About 27 humanoid species roamed the Earth since splitting off from their ape ancestors 7 million years ago; more are turning up, but only one remains. Science journalist and former CNN bureau chief Walter (Thumbs, Toes, and Tears: And Other Traits That Make Us Human, 2006) delivers a mixture of fact, research and conjecture that describes how this happened.
Anthropologists define humans as primates who walk upright, but the author focuses on another fundamental, if bizarre, difference—human species deliver children prematurely. Traditionally, teachers explain that this allows passage of our increasingly large skull and brain through the birth canal, but there is more to it. We are not only born as fetuses, but we keep infantile ape features (near-hairlessness, flatter faces, higher foreheads, a straight big toe) into adult life. Carrying the analogy further, Walter emphasizes that humans not only have an extended physical childhood (gorillas reach adulthood at 11), but we preserve the mental qualities of childhood: curiosity, adaptability, and the love of play, new experiences and experimentation. Our victory was not preordained, and three other brainy species shared the planet when the first Homo sapiens appeared 200,000 years ago. The first breakthroughs, tools and fire, occurred over 1 million years earlier, and we did not seem an improvement. More than another 100,000 years passed before Homo sapiens’ burgeoning neural connections passed a tipping point that produced the language, culture, creativity and technology that enabled it to rule the world. The author offers a short epilogue about the “next human,” writing, “short of another asteroid collision or global cataclysm, we will almost certainly become augmented versions of our current selves.”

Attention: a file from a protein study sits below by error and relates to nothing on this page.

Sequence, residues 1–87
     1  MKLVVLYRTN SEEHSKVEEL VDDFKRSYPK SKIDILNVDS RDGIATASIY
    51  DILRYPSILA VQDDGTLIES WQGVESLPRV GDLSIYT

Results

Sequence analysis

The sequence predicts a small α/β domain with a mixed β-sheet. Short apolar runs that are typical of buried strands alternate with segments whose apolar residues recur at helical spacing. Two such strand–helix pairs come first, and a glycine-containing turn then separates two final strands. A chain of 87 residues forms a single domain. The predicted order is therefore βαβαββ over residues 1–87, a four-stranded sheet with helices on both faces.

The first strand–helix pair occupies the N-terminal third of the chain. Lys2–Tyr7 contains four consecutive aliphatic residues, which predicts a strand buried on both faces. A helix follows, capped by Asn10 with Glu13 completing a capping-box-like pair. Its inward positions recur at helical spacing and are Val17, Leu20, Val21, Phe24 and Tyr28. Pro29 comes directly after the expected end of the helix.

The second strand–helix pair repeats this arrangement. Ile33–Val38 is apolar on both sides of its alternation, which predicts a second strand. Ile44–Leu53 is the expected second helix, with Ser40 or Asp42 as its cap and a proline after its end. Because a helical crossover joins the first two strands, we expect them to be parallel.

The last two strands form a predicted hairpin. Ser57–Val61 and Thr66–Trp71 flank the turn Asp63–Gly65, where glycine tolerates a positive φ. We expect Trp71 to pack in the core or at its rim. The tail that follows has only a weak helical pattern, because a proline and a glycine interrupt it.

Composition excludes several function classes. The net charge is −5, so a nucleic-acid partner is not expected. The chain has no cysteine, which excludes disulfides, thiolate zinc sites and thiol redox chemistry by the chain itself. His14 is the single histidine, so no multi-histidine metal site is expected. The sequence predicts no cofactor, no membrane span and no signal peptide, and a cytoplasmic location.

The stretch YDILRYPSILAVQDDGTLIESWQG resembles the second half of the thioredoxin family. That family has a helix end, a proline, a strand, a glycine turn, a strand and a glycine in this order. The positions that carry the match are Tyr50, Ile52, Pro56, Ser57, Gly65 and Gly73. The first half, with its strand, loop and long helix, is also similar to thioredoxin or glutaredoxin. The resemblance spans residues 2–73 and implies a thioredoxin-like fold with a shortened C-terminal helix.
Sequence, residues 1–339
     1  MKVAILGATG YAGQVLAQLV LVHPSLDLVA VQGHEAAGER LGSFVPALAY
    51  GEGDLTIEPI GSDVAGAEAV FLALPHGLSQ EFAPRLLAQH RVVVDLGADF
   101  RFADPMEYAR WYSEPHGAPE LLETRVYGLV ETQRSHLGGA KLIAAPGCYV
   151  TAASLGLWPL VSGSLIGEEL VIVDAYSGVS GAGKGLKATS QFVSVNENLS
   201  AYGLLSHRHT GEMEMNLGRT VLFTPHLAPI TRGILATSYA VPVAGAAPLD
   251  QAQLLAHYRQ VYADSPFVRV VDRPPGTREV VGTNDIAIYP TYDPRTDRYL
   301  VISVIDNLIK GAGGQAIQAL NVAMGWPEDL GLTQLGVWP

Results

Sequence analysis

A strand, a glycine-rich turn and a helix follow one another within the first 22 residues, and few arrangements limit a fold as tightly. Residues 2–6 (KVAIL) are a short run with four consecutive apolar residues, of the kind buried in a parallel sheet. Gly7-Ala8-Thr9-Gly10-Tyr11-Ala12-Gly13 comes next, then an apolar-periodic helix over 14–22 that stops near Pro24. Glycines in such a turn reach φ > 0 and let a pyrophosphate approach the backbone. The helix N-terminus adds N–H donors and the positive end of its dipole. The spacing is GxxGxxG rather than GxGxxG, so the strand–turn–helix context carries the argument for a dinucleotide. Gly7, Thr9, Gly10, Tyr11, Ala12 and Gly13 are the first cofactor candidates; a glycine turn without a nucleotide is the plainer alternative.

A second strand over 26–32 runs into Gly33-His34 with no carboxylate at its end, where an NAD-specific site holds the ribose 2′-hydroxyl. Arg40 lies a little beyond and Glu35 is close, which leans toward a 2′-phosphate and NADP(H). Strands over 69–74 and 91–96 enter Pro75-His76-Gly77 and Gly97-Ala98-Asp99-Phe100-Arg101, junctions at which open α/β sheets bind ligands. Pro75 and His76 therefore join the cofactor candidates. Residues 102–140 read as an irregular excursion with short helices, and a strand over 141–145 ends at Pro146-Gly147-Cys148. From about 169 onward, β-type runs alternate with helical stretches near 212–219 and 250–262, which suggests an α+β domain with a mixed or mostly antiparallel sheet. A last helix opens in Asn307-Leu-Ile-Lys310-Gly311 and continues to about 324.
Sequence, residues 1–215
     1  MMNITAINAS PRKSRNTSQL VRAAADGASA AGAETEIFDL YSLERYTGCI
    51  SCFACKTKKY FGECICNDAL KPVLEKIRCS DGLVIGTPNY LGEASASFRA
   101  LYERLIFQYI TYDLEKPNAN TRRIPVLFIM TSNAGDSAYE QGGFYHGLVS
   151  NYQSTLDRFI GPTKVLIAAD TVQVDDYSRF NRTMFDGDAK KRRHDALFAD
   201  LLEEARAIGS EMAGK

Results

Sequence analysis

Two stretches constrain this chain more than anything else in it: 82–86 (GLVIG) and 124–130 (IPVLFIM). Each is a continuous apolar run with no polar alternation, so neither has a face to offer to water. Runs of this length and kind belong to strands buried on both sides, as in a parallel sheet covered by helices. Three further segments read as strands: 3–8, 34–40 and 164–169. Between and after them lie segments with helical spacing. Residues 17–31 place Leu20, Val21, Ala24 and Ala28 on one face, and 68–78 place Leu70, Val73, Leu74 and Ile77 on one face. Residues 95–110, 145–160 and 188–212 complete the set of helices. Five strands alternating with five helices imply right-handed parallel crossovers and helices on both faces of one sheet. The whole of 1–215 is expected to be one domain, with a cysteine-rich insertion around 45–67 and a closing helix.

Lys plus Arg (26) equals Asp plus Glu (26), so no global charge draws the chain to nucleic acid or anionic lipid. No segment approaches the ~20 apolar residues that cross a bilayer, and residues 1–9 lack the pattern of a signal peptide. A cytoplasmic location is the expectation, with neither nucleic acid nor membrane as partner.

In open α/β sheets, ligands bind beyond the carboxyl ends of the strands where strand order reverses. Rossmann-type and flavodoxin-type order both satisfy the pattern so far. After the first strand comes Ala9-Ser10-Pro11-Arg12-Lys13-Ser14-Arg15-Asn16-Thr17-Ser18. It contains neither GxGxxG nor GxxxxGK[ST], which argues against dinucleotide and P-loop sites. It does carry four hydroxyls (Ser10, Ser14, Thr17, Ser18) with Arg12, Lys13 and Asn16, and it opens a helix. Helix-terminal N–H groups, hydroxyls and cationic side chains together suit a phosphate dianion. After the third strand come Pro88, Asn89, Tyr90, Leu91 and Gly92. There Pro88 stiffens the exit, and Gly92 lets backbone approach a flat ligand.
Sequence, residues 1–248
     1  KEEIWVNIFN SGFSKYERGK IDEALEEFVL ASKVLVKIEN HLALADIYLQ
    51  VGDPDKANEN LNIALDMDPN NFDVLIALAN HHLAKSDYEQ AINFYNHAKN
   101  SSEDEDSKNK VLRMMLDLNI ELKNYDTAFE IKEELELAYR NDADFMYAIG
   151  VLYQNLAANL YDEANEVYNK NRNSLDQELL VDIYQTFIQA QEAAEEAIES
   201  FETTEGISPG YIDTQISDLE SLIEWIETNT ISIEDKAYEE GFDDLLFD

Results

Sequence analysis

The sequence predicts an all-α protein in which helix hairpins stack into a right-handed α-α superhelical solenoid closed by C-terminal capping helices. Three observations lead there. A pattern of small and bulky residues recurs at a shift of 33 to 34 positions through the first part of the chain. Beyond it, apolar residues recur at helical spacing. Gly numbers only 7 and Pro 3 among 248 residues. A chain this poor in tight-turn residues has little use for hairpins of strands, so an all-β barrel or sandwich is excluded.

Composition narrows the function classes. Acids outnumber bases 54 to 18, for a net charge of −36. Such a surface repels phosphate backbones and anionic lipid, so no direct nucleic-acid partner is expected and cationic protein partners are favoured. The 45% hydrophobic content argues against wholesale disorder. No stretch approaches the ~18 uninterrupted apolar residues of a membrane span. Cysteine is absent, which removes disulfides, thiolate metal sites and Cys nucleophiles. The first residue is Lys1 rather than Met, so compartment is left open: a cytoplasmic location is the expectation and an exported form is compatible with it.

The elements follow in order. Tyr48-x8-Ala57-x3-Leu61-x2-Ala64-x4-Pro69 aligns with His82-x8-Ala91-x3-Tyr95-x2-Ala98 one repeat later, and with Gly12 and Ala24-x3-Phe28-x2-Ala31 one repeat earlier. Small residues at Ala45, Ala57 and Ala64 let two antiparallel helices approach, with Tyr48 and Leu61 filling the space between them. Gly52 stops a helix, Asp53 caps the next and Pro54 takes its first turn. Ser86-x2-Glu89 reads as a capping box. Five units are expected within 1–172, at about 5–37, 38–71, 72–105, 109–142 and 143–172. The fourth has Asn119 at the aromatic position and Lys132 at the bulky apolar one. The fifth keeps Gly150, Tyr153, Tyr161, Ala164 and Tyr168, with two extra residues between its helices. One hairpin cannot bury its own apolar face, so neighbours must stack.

Walter never explains precisely why our species stands alone, but few readers will complain at the end of this engrossing, up-to-date account of human evolution.